State v. Patton

CourtSupreme Court of Oregon
Writing for the CourtPERRY; ROSSMAN
Citation303 P.2d 513,208 Or. 610
Decision Date08 November 1956
PartiesSTATE of Oregon, Respondent, v. James A. PATTON, Appellant.

Page 513

303 P.2d 513
208 Or. 610
STATE of Oregon, Respondent,
v.
James A. PATTON, Appellant.
Supreme Court of Oregon, In Banc.
Argued Sept. 20, 1956.
Decided Nov. 8, 1956.

Page 514

[208 Or. 611] Laurence L. Morley, Lebanon, argued the cause for appellant. On the briefs were Morley & Thomas, Lebanon, and Weatherford & Thompson, Albany.

Courtney R. Johns, Dist. Atty., Albany, argued the cause and filed a brief for respondent.

PERRY, Justice.

The defendant was convicted of armed robbery, and appeals.

The defendant, in effect, offered no evidence, and he states the court erred in instructing the jury as follows:

'Evidence is to be estimated not only by its own intrinsic weight, but also according to the evidence which it is within the power of one side to produce and of the other side to contradict; and if weaker and less satisfactory evidence is offered when it may appear to the jury that stronger and more satisfactory evidence was within the power of the party to produce, then the evidence offered should be viewed by you with distrust.'

The defendant asserts the giving of this instruction was a comment upon his failure to testify on his own behalf and violated the constitutional right given him [208 Or. 612] against self-incrimination under Article I, § 12, of the Oregon Constitution. Reliance is placed upon the California decisions, People v. Cuff, 122 Cal. 589, 55 P. 407, and People v. Charles, 9 Cal.App. 338, 99 P. 383. In each of these cases an instruction identical with the one above set out was given by the trial court, and it was held to be erroneous, requiring a reversal of the conviction.

The reasoning of the California courts requiring reversal is set forth in People v. Cuff, supra, 122 Cal. at page 591, 55 P. at page 408, as follows:

'* * * The aforesaid section of the Code declares that the principles stated in the various subdivisions thereof may be given by the court to the jury upon all proper occasions. In criminal cases the proper occasions are so few, and the improper occasions are so many, that it were best that they should be given rarely, if at all. The

Page 515

instruction given in this case fully and fairly illustrates the danger suggested. Let us consider one objection to it. Here there is no suggestion whatever in the record that any important witness could have been produced by the defendant before the jury, and was not produced. Under such circumstances, certainly, the occasion was not a proper one upon which to give the instruction. But, upon the other hand, the defendant did not take the witness stand, and the practical application of the instruction necessarily points to that fact as a strong circumstance to be taken against him. To the ordinary mind there seems to have been no other reason or purpose in the giving of the instruction. Yet a defendant has the constitutional right to stand mute, and demand that the prosecution prove a case against him beyond a reasonable doubt. People v. Streuber [121 Cal. 431], 53 P. 918.'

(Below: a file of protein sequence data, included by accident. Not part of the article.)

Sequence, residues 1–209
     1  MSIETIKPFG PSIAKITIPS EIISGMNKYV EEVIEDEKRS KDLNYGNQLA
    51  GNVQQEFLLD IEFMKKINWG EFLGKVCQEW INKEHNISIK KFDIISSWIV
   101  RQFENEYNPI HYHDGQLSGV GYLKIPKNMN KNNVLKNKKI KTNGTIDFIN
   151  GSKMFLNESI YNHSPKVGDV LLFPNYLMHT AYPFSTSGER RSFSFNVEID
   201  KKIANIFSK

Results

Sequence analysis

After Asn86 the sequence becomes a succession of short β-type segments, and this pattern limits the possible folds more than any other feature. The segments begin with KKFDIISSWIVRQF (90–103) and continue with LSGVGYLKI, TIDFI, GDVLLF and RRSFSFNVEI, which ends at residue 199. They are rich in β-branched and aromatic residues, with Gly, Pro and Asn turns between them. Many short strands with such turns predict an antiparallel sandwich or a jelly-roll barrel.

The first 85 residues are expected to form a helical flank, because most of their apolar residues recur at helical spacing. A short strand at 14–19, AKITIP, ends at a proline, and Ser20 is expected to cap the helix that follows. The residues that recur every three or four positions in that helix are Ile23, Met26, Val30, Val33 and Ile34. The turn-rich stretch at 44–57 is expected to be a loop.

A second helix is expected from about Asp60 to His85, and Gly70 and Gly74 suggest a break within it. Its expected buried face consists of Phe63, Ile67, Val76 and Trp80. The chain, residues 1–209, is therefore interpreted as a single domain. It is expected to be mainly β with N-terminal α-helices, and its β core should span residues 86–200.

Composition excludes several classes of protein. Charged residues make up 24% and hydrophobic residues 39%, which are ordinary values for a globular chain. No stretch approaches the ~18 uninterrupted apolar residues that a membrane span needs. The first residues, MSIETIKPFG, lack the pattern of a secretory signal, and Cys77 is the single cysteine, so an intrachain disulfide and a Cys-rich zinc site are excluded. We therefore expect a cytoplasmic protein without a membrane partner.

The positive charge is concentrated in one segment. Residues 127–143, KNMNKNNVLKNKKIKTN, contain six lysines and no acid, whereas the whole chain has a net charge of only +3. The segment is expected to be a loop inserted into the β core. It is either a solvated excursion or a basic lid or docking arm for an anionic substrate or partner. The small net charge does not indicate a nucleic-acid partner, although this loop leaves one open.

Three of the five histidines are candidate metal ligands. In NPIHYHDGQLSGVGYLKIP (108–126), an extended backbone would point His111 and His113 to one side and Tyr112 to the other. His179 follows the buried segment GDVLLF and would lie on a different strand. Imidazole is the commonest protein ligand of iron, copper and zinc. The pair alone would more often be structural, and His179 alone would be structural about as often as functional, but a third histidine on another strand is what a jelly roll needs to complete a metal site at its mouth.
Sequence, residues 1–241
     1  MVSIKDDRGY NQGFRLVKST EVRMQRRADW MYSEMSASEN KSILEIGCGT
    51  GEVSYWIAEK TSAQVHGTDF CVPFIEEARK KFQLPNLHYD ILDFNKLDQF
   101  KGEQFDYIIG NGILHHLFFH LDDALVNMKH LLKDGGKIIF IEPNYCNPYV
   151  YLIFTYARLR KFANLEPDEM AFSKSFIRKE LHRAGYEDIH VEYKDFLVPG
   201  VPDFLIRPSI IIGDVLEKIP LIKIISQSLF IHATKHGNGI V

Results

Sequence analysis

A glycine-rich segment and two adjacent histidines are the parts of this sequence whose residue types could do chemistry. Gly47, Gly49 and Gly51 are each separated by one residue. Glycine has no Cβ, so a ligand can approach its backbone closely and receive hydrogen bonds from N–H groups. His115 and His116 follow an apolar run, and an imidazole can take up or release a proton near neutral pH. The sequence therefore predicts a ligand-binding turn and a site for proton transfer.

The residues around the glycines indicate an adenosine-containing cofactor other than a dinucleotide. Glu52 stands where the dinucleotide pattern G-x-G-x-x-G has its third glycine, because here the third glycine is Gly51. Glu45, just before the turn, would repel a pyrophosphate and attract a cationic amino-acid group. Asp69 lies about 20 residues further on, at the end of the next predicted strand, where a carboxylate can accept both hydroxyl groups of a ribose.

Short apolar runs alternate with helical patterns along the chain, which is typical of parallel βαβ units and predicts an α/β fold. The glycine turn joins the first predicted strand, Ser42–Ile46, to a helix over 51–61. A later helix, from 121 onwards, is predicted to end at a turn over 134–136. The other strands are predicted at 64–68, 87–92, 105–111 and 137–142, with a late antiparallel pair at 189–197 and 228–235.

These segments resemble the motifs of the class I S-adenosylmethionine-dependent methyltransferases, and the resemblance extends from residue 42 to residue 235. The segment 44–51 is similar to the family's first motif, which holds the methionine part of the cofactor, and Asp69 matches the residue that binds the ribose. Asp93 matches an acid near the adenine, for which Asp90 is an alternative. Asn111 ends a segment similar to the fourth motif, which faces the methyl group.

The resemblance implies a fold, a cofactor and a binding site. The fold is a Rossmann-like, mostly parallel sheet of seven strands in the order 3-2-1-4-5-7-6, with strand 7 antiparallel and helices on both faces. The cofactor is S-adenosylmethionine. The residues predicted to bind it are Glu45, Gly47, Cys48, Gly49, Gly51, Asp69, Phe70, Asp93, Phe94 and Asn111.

The instruction given is cautionary and refers solely to evidence introduced into the case. It advises [208 Or. 613] the jury that in weighing the evidence which has been offered in the case by a party they may be distrustful of that evidence given if they believe the party offering such evidence could have produced or presented stronger or more satisfactory evidence upon the subject. The instruction in nowise comments upon the weight to be given evidence not introduced, nor the failure to produce any evidence at all. If this instruction stood alone perhaps credence could be given the reasoning of the California court. However, the instructions in a case are to be considered and construed as a whole and any erroneous impression that might be gathered from the giving of the instruction could not, in our opinion, mislead a jury into believing the defendant is required to take the witness stand or produce any evidence when the court instructs as the court did here, that 'The defendant is not required to prove or disprove any facts alleged in the case, but the burden of proof rests upon the State to prove the truth of the charge as read in the indictment beyond a reasonable doubt.' This instruction clearly told the jury that the defendant was not required to prove or disprove anything, but that the burden of establishing the truth of his commission of the crime lay wholly with the state.

While the instruction excepted to is not erroneous, and is authorized on all 'proper occasions' by ORS 17.250, we are of the opinion that in a criminal case caution should be exercised in giving this instruction, unless it is limited to the evidence offered by the state. State v. Thomson, 203 Or. 1, 278 P.2d 142.